Effect of tectonic prominence and growth of the Arabian shield on Paleozoic sandstone successions in Saudi Arabia

Journal Article
Al-Dabbagh, Mohammad Eesa . 2013
نوع عمل المنشور: 
بحث علمي ميداني ومعملي
المجلة \ الصحيفة: 
Arabian Journal of Geosciences
رقم العدد: 
Issue 3
رقم الإصدار السنوي: 
Volume 6
مستخلص المنشور: 

Abstract Paleozoic successions in Saudi Arabia are exposed
around and bordering the south, north, and northeastern edge
of the Arabian shield. They are represented by theWajid group
in the south and by the Taymah, Tabuk, Qalibah, Huj, and
Buraydah groups in the north and northeast. The Wajid group
includes Dibsiyah, Sanamah, Khusayyan, and Juwayl formations.
The Taymah group includes Siq, Amai’er, Quweira,
Saq, and Qasim formations. The Tabuk group includes Zarqa,
Sara, and Hawban formations. The Qalibah group includes
Baq’a, Qusaiba, and Sharawra formations. The Huj group
includes Tawil, Jauf, and Jubah formations. The Buraydah
group includes Berwath, Unayzah, and Khuff formations. The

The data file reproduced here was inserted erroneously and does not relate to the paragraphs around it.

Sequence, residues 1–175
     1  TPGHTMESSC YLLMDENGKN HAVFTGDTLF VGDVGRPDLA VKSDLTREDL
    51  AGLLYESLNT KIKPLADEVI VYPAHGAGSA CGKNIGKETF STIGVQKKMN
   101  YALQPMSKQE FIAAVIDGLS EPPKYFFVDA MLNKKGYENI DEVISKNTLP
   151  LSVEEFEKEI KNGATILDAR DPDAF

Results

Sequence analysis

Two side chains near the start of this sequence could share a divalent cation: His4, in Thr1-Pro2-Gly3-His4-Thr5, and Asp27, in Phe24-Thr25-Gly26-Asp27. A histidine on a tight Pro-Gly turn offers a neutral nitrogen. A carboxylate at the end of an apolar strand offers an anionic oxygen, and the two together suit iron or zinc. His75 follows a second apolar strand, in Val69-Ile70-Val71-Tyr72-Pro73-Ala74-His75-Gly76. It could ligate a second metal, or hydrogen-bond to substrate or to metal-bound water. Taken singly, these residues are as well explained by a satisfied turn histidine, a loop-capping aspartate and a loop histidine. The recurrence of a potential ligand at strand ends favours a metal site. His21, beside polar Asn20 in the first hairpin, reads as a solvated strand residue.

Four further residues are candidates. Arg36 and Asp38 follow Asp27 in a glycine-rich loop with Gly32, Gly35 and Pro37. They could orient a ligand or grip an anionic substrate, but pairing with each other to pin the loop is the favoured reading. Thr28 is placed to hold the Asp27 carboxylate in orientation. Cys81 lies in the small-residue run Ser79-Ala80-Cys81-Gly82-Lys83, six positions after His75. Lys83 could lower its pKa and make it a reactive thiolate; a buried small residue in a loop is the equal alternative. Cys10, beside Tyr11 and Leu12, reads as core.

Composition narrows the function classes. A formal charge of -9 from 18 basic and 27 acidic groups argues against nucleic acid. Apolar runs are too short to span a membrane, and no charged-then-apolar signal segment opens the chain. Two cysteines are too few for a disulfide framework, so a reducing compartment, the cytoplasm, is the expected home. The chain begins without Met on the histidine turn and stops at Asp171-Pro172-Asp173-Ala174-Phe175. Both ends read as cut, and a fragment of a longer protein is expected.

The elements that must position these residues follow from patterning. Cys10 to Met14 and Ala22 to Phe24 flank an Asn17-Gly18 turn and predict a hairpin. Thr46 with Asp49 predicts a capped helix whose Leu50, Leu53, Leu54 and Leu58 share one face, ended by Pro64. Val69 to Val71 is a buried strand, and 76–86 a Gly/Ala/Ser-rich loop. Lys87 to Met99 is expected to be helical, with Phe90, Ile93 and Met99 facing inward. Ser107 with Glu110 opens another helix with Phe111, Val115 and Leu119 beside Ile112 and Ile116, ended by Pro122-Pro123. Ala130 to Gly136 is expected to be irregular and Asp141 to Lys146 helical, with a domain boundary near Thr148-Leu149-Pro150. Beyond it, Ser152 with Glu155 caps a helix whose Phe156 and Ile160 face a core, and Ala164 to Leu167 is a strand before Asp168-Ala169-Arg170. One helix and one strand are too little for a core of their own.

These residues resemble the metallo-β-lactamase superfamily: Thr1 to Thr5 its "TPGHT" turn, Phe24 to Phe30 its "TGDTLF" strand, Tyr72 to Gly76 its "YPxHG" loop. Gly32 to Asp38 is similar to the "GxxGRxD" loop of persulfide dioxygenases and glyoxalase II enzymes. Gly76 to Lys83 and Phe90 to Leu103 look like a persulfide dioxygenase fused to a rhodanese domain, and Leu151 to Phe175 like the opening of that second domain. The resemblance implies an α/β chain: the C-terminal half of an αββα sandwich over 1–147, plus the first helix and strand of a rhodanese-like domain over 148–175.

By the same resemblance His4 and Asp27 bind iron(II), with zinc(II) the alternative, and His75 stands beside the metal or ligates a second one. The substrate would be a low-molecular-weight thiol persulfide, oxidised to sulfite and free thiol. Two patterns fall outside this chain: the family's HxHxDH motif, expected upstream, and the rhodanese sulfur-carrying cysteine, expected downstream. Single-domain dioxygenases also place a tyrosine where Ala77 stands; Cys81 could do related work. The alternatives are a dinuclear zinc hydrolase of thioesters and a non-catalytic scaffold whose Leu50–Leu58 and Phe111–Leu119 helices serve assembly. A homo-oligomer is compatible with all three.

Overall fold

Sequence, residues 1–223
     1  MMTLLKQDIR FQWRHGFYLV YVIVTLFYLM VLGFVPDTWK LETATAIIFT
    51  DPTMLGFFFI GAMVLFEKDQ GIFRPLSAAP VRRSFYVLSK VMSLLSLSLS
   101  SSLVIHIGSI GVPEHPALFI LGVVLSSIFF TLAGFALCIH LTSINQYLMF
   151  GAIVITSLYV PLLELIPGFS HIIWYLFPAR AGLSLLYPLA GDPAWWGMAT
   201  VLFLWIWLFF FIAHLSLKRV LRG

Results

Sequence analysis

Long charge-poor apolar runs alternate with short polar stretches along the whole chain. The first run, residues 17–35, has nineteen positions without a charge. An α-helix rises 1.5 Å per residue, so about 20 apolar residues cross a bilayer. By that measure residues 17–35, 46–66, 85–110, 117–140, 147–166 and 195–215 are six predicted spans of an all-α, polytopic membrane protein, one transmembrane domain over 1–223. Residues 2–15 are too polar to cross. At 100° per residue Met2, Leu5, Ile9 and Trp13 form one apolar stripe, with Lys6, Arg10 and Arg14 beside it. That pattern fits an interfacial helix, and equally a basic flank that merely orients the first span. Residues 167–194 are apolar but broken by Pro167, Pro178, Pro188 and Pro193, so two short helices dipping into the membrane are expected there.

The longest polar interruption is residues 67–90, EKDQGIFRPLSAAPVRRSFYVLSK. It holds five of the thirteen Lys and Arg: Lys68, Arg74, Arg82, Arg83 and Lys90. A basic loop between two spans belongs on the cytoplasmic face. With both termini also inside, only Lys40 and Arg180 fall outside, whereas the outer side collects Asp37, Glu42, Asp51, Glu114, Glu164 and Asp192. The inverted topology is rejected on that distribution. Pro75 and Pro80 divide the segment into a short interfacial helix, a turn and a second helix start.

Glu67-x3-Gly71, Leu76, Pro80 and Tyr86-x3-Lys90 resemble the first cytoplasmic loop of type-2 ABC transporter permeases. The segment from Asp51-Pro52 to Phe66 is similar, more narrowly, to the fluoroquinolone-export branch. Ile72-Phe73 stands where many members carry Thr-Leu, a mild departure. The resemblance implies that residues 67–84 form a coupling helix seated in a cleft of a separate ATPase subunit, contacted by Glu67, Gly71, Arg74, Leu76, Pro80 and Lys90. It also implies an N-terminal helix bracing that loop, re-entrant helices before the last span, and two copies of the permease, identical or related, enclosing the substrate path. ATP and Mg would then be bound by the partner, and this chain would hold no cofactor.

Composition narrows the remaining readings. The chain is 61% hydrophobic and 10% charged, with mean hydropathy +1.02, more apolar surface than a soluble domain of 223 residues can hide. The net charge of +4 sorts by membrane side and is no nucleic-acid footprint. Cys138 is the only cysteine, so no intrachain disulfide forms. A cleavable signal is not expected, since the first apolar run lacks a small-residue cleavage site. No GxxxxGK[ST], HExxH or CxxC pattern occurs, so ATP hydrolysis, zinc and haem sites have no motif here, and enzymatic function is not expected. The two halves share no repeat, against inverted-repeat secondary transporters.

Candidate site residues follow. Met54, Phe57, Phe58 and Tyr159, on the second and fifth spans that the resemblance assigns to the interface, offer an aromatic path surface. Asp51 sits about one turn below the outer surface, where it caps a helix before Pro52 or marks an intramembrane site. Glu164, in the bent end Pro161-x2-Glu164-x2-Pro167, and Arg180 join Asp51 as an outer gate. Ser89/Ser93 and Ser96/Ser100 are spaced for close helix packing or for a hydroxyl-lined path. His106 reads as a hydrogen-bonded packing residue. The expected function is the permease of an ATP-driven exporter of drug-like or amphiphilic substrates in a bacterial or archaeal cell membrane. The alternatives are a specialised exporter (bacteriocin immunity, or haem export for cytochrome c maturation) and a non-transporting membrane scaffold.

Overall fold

Wajid group form one block in the south and the other groups
form another block in the north, and they can be correlated.
There are similarities between the northern belt which consists
of the Cambro-Ordovician formations of the Tayma and Tabuk
groups and the southern belt which consists of the Dibsiyah
and Sanama formations of the Wajid group. Similarities
include sandstone composition, sedimentary environment,
paleocurrent directions, unconformities, tectonic events, and
influence of Gondwana glaciations. These formations and
probably some or all the rest of the Paleozoic formations used
to form one block but later separated after erosion caused by
gradual tectonic growth, uplift, and prominence of the Arabian
shield. During early Paleozoic time, the process started by
poststabilization then sedimentation and at a later stage the
growth and uplift of the shield occurred gradually. Growth of
shields is a fact and it is the only way to explain the exposure
of the Wajid sandstone on top of the highest mountain of the
shield which exceeds 3,000 m in As Sawdah in Asir area in
southwestern Saudi Arabia. The sandstone sediments of these
outcrops were deposited on a low lying basin before been
raised to this elevation.